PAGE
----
Giles Coren is best known as the angry man who writes scathing reviews of restaurants. But some years back The Times gave him an opinion column on Saturdays from which to pontificate over things above and beyond the culinary.

Yea exactly.

But one idle Saturday of early April Giles ripped up the script. In my time as a seasoned attendee of the broadsheet milieu I can put it down as one of the most pleasurable reading experiences of my career. I felt the need to tell him. He said ‘thanks’.

In defiance of Murdoch’s paywall I Assange’d the situation and transcribed the thing last night while my mate stood me up at the pub. And I can’t type very fast. It took me ages. I even threw in some pictures to season the sirloin.


Leaving aside such tedious familiar responses as “me wife” and “me kids” and “me ‘elf”, the most important thing in my life is my Kindle. It’s not just that it has doubled the number of books I read in a month and tripled the number I buy – doing immense service both to my brain and to the coffers of a desperate publishing industry – nor that it has rid my walls of decaying organic matter, nor even than it has revolutionised my packing for holidays, creating a space in my luggage where 20 paperbacks used to be that can now be filled with budgie-smugglers in every imaginable hue. Above all, what my Kindle has done is give me a new way of reading and thus led me to new ways of thinking.

For most of my life, I read one book at a time. The old-fashioned textual delivery method encouraged a teleological commitment that drew one inevitably to the end of each book before starting the next. But since moving wholesale to electronic formats, I find myself reading at least two, but more usually four or five books at once. I always have one vast work of non-fiction on the go for reading on public transport, alone in restaurants and while sitting on the sofa watching Tom and Jerry with my children (when distraction is called for, but plots cannot be followed). And also a modern, ambitious literary novel for a quiet hour in bed before sleep, when the deep, private part of the brain can be fully engaged.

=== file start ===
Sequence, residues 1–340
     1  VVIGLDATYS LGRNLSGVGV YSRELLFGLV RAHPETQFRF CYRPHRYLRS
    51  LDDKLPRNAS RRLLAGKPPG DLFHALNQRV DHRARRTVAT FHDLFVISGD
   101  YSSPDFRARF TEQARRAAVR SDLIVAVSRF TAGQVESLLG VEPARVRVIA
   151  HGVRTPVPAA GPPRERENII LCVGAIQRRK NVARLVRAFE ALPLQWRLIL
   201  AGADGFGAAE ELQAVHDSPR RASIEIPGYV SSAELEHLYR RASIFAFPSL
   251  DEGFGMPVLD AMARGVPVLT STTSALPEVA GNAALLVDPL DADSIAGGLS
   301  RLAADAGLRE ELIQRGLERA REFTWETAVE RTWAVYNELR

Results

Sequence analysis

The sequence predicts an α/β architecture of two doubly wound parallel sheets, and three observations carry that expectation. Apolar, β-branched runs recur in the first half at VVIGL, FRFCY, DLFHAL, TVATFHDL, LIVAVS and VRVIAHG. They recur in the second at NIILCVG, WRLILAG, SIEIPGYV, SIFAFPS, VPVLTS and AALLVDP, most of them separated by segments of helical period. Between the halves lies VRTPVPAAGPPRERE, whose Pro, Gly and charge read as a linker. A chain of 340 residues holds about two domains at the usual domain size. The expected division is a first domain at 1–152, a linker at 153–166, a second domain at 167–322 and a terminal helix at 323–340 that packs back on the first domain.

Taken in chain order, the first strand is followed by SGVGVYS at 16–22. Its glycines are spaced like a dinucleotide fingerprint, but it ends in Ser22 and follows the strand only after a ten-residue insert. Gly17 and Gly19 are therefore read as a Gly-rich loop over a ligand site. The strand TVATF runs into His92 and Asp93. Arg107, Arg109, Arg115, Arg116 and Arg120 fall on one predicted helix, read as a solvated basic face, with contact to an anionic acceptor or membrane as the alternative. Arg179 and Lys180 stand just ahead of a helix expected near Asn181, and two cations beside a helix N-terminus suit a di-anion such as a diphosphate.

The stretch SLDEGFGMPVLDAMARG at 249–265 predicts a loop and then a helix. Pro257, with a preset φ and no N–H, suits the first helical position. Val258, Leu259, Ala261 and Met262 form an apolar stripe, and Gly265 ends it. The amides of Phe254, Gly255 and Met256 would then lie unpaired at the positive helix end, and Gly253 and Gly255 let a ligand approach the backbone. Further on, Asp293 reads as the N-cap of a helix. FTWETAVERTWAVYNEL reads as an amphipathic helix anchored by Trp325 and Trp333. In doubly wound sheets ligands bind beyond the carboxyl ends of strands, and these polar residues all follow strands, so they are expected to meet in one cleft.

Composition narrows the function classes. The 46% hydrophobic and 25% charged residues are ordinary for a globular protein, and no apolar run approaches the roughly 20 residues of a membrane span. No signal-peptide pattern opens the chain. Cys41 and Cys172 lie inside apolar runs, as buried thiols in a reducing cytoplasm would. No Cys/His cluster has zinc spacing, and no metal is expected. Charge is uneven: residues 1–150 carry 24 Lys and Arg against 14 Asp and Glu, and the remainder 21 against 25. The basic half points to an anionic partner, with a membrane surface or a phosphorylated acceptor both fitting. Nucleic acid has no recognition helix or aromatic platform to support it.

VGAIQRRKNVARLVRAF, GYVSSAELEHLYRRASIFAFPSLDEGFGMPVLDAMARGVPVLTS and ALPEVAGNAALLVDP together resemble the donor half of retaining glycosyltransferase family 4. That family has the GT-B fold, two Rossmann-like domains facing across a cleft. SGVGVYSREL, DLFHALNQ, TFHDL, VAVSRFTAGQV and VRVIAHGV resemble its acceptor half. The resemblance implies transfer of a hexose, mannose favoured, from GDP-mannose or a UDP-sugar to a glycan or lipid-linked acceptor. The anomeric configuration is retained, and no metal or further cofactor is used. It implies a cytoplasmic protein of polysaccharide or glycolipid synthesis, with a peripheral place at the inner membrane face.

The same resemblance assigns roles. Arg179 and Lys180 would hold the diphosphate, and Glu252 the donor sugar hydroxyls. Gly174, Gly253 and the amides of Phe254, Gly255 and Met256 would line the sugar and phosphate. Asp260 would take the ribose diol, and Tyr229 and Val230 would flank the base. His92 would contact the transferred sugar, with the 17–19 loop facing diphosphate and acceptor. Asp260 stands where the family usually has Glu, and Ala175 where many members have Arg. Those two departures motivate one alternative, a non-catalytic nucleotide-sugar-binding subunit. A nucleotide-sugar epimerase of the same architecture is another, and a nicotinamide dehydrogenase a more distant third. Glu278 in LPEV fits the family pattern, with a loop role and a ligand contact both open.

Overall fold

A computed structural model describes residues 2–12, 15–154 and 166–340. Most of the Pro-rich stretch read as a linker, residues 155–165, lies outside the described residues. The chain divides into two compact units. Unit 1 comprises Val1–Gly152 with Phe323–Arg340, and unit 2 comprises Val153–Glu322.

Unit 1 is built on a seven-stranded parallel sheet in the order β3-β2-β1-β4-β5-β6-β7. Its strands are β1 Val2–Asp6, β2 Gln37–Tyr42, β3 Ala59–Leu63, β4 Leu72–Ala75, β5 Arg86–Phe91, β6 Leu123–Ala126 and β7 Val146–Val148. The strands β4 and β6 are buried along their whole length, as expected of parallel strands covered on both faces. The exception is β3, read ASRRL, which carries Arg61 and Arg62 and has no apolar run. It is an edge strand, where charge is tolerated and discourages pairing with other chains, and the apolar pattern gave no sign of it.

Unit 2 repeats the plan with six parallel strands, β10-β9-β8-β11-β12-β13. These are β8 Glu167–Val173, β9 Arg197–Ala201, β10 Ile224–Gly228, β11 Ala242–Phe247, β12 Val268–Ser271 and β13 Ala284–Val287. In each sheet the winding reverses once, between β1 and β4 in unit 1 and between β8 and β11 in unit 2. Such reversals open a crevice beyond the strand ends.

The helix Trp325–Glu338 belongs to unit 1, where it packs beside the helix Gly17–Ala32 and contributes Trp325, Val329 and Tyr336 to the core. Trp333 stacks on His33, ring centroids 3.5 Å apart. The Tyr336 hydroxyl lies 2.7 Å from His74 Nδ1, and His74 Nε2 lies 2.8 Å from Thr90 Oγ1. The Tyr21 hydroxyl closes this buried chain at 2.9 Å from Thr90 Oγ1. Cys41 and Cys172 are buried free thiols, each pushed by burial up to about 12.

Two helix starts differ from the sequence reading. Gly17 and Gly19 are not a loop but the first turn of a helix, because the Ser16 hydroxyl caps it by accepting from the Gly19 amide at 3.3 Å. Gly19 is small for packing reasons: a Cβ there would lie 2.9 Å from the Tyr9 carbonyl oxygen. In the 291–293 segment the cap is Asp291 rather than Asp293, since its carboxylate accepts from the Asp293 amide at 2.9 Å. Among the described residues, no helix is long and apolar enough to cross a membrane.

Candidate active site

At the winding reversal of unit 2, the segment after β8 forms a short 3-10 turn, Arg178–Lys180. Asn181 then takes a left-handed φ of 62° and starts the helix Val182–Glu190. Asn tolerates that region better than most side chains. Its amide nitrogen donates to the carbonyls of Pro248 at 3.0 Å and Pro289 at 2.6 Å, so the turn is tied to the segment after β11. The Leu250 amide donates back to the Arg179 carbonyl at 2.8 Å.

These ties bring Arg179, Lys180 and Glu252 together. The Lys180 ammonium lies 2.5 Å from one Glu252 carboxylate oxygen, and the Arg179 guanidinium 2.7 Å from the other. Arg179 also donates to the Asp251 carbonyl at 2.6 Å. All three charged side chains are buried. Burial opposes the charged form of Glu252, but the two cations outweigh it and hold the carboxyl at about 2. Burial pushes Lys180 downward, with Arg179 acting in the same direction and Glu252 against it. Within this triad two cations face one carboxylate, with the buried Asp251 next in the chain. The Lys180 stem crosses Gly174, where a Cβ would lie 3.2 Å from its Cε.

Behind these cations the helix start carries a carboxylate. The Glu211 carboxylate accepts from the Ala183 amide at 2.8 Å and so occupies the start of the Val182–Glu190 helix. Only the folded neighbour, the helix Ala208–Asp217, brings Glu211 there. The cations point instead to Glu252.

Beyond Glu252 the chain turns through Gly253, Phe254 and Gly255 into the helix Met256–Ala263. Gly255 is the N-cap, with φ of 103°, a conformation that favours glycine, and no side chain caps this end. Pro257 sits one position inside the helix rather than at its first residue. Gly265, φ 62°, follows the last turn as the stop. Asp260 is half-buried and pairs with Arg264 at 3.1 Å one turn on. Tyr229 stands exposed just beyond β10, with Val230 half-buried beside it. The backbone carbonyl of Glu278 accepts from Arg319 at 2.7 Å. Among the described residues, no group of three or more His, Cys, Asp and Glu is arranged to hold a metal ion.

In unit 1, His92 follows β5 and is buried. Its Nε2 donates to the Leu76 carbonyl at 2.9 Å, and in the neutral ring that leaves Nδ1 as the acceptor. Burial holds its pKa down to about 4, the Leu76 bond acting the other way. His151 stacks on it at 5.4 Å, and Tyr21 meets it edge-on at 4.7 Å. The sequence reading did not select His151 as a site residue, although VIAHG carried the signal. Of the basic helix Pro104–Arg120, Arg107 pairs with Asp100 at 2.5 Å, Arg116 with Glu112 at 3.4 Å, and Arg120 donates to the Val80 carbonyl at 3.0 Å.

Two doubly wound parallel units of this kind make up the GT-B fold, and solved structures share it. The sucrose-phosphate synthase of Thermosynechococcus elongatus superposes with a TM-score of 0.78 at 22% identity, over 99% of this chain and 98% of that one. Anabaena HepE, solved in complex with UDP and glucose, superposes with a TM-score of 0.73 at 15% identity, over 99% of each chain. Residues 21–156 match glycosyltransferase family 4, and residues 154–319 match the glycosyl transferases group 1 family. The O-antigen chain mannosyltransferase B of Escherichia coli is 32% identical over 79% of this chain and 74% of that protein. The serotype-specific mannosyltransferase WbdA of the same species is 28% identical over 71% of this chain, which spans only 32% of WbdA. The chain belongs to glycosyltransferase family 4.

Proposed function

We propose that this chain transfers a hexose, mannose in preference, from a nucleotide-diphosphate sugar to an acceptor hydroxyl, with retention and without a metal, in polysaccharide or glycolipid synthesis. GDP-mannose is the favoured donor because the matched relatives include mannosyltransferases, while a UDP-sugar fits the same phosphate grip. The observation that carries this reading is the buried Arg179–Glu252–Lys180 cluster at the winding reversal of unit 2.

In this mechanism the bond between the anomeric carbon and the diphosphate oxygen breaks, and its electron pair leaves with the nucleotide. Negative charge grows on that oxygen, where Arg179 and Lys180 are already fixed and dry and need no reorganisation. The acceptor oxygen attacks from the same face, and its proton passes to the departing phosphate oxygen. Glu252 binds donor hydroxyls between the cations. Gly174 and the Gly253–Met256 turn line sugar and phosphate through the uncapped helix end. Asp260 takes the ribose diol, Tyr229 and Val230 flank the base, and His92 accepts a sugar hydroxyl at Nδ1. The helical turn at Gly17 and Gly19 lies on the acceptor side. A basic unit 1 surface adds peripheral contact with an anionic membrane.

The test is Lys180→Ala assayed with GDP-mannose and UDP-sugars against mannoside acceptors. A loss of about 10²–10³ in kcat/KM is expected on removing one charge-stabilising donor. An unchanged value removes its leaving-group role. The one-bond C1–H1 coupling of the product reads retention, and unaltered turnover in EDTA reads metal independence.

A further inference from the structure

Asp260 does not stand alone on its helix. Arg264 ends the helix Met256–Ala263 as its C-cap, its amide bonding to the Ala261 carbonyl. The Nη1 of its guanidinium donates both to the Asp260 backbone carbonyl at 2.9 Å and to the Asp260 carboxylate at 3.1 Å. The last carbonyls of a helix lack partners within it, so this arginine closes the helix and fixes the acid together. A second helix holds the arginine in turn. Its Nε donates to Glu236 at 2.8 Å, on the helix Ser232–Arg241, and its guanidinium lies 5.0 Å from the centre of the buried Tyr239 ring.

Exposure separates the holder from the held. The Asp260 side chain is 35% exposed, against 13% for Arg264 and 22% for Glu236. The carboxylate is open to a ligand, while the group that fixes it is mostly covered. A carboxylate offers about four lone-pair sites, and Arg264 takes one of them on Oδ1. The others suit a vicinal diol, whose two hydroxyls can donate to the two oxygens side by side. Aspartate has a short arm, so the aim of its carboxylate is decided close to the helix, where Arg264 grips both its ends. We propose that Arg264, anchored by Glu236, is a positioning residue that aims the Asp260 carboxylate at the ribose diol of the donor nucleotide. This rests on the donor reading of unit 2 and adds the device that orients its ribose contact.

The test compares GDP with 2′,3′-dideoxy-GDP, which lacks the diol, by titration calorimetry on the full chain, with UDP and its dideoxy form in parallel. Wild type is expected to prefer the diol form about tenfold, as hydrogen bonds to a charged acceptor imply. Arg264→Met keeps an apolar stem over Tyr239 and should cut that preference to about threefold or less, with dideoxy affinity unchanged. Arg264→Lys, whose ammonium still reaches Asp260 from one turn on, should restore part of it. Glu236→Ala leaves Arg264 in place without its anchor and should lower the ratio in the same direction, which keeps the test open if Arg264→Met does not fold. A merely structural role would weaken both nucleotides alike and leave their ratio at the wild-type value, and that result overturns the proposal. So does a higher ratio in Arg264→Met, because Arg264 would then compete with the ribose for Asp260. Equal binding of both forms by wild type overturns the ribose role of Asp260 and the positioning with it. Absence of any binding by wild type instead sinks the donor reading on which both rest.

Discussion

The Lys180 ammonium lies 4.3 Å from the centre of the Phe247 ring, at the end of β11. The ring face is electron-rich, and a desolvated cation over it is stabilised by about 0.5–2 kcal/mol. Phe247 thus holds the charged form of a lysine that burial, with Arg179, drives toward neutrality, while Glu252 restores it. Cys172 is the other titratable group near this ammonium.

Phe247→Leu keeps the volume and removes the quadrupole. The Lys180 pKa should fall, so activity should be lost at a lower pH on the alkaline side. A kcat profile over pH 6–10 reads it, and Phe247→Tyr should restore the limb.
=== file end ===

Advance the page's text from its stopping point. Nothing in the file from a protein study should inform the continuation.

Then I have usually a collection of letters or diaries standing by to offset the tedium of the morning stool and some sort of cheap sadomasochistic pornography for lonely nights in provincial business hotels. Add at least one awful book by a friend that has to be ploughed through for a single nugget of praise that can be delivered without actually laughing, and you have five books being read at once in a sort of literary jigsaw that previously never existed. Certainly not in a portable form that could be accessed without plan or forethought and with a single unifying typeface, page size, colour and heft.

And what happens then – which is quite fascinating – is that these unrelated books begin to read to and against each other, existing as they do almost simultaneously in my imagination, and to make new books that did not exist before and generate ideas their authors never intended. So i found myself reading Malcolm Gladwell’s Outliers: The Story of Success at the beginning of this year alongside the third volume of Fifty Shades of Grey, and thus endlessly musing on why one person should come to be confident and accomplished at rough sex, and another not. Genetics or education? Practice or natural gift?

I read Stephen Grosz’s The Examined Life (a collection of psychoanalytic case histories) page for page with Ian McEwan spy novel Sweet Tooth, at times when Will Self’s giant neo-modernist riff on mental illness, Umbrella, was more than my head could handle, and found myself unwittingly formulating a psychoanalytic model for the causes of the Cold War that would blow your mind. And a simultaneous reading of Bring Up The Bodies with Claire Tomalin’s life of Dickens, Charles Moore’s Thatcher biography and the letters of Ronald Reagan gave me a massive new story of how public power has emerged out of individual solipsism across five centuries.